Nursing School 1900's Style - You Thought Your Program Was Difficult? - page 2
Pull up a chair and have a cup of tea whilst taking a look back at what nursing education was like at the turn of the last century. Remember all this would have been done wearing undergarments (including corsets) and... Read More
- 2Jun 21, '11 by anurseatlastMy mom graduated in 1941 and practiced for more than 50 years. When she was in school, you could not be married, were required to live in the dorm and had a curfew.
They had inspection every morning. Their uniform included white nylons and they were not allowed to wear any with runs (quite a problem with nylons then - not as sturdy as what we have now).
Yes, they were required to do a lot of "non-nursing" tasks like cleaning equipment and patient rooms. They gave every patient a backrub as part of bedtime routine.
They were required to deliver numerous babies (something like 10 or 12) on their own including with forceps. (My mom said the idea was for nurses to be able to take over when all the docs were off to war). They put in an incredible number of hours working in the hospital - much more tham students do now- and believe me, they did not complain (at least were a teacher might overhear).
And we think nursing school is hard now!
- 0Jun 22, '11 by DoGoodThenGoAll kidding aside those girls got a very advanced education for females in that era.
If one disregards all the household busy work, there is quite allot that is contained in many modern nursing programs. The "probation nurse" got her sciences (A&P, Chem, Bact, general Physics), nutrition,time management skills, Med Dose Calc, pharma, and so forth. The advice about observation is priceless and right on the money.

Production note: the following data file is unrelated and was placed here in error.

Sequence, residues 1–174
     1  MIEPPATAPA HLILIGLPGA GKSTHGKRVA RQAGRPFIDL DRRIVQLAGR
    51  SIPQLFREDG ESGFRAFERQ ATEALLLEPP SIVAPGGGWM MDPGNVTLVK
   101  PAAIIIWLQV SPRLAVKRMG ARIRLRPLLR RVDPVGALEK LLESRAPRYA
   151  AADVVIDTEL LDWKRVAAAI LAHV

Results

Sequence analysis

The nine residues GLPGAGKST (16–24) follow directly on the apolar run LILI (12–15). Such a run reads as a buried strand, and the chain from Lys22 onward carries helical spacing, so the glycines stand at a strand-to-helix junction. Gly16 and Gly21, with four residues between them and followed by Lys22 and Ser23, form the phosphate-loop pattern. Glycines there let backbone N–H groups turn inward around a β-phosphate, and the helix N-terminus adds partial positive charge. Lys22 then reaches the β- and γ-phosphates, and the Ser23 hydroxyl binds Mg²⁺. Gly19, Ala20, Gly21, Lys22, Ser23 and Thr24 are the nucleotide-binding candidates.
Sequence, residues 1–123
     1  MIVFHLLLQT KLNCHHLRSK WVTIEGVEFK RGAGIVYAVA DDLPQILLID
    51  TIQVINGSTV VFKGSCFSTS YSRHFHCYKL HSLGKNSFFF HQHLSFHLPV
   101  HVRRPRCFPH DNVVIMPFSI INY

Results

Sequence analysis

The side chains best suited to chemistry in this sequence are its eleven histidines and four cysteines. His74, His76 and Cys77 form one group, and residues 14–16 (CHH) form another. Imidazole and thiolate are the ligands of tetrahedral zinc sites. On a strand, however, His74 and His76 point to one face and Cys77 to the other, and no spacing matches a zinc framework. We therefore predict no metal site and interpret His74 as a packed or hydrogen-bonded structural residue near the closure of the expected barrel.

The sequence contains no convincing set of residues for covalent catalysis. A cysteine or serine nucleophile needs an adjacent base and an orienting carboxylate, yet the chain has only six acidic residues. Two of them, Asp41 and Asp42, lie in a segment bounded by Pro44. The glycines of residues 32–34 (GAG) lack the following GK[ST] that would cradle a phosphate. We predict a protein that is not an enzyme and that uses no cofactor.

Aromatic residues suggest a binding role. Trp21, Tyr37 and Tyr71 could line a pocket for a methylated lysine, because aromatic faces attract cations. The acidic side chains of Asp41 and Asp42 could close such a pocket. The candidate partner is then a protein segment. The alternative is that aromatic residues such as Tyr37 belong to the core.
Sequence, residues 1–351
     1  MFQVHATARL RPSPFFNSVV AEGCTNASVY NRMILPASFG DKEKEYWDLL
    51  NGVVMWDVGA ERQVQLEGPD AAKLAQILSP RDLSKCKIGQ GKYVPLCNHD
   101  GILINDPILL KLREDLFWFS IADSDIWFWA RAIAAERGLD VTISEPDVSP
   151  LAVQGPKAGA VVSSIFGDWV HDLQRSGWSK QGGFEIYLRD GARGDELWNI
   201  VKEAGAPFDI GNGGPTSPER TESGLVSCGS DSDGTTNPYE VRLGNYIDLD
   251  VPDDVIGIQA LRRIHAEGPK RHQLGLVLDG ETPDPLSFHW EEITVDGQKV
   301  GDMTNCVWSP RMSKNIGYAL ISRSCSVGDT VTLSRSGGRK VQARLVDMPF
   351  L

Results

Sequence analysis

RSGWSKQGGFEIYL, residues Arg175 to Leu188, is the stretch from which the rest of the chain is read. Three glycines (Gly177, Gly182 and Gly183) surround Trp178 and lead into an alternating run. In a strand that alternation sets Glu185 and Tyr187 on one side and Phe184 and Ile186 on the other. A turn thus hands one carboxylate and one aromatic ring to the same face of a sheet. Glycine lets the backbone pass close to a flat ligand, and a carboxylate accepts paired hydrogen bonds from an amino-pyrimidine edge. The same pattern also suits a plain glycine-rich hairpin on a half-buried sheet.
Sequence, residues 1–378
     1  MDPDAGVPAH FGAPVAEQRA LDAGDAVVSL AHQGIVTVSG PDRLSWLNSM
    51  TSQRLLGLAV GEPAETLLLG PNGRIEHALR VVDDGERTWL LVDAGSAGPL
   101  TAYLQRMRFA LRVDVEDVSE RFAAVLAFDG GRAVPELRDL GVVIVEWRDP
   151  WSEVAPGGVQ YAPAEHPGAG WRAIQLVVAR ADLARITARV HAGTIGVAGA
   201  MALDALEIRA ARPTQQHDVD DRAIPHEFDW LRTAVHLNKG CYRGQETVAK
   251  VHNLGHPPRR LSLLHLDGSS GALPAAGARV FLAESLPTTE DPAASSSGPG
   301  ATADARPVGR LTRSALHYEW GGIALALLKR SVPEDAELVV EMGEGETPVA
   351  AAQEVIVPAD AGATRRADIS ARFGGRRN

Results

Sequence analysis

The emphasis on training of private duty practice was critical as hospitals made very tidy sums hiring out their nurses for "home care". If at all possible the very wealthy and or anyone else whom could afford it remained at home and had their care brought to them. One British king even had an entire surgery suite done up at one of the palaces so he could have his gall blader (or was it appendix?) removed and recover in the comfort of his own "home" as it were. Of course any one who is a fan of those BBC/PBS dramas knows an illness was serious when a "trained nurse" was engaged and arrived at the door steps of a town house or country estate. *LOL*
Now about that cracked ice and champange!
- 0Jun 22, '11 by DoGoodThenGoQuote from TheLastTimeActually at that time *all* student (probation) nurses lived at the residence halls provided by the hospital under conditions that probably would have made the convent or military seem tame!You left out the part about walking 20 miles to work every day in the snow uphill both ways...